'As a human venture, the expedition was a romantic reconnaissance that ranks with Columbus' first voyage and man's flight to the moon...[The atlas] is utterly fascinating...All the known maps relating to the expedition are now gathered together in this magnificent new edition, printed in their proper sequence, reproduced in facsimile at their full original size, and with their provenance discussed' - "Washington Post Book World".'Rich and definitive ...Fills a long-standing gap in the history of the mapping of North America ...Handsomely produced, this model of historical atlas publication will be the prized possession of every research library or local history-oriented repository with a keen interest in early North American history' - "Choice". '[The introduction is] the definitive work on the cartography of the Lewis and Clark expedition...[The maps] are beautifully arranged and organized with a clarity of reproduction that would be difficult to match' - "Great Plains Quarterly".'In all ways this is a class act' - "Western Historical Quarterly". 'A veritable treasure trove ...An invaluable companion volume to the account of the expedition in the volumes that [follow]' - "American Cartographer". When the Corps of Discovery left the vicinity of St. Louis in 1804 to explore the American West, they had only sketchy knowledge of the terrain that they were to cross - existing maps often contained large blank spaces and wild inaccuracies. William Clark painstakingly mapped every mile of the journey, drawing from both direct observation and from the reports of Indians and a few fur traders. On their return Lewis and Clark directed the execution of new maps detailing with remarkable accuracy the features of the country that they had traversed. Gary E. Moulton is a professor of history at the University of Nebraska and recipient of the J. Franklin Jameson Award of the American Historical Association for the editing of these journals.Über den Autor:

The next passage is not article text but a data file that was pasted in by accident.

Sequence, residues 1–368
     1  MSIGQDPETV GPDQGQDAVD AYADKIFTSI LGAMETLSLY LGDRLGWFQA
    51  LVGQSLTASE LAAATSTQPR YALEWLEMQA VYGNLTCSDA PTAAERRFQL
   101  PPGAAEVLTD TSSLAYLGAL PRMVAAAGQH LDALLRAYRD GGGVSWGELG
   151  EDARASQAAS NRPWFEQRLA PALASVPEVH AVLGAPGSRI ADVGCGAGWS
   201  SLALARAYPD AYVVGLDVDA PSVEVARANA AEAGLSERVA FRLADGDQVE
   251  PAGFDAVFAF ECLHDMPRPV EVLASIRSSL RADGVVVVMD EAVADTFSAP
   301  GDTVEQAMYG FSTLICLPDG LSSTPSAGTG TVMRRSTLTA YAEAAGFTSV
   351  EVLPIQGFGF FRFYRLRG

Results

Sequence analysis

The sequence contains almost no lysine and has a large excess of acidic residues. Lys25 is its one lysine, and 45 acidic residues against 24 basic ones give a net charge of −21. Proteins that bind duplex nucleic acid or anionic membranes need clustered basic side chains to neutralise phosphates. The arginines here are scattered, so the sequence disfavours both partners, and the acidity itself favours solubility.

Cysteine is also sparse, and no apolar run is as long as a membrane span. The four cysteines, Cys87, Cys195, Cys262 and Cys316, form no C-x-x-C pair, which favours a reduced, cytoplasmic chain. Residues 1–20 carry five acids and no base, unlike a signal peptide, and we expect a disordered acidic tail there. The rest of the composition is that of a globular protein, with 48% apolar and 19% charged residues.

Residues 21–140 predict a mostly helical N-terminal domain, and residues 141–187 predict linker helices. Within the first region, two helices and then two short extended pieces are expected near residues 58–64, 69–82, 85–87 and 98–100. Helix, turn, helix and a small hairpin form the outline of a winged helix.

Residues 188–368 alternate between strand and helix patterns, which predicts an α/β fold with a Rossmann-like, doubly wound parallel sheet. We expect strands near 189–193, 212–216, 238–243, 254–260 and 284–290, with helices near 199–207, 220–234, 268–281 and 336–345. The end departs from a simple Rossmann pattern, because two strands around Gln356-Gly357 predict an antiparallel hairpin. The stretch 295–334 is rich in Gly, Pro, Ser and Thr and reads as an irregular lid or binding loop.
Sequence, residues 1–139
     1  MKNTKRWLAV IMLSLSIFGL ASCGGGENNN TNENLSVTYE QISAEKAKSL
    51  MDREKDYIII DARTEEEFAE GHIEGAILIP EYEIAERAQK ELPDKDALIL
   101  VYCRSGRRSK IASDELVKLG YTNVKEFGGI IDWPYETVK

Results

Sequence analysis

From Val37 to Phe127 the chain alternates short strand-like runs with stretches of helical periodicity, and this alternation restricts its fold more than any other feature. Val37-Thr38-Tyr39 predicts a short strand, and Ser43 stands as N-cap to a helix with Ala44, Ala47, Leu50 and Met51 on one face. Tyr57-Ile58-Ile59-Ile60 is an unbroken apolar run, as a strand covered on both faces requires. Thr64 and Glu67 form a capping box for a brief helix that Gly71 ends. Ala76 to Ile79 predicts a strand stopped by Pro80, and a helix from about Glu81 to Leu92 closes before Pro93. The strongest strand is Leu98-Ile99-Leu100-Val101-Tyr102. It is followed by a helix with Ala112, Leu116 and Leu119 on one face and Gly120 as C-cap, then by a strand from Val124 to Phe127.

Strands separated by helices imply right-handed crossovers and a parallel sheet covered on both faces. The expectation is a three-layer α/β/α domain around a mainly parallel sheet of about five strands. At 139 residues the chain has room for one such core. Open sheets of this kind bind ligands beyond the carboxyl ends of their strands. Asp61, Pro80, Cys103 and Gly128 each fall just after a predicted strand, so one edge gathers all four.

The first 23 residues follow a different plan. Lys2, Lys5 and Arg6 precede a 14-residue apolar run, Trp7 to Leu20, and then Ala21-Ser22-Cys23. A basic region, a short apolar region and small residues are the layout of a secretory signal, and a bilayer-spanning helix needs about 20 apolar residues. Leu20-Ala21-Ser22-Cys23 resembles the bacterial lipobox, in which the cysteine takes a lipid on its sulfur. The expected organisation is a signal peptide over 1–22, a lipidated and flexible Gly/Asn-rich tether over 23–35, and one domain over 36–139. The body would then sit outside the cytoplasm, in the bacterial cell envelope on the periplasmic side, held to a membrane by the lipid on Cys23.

Gary E. Moulton is Thomas C. Sorensen Professor of American History at the University of Nebraska and recipient of the J. Franklin Jameson Award of the American Historical Association for the editing of these journals.
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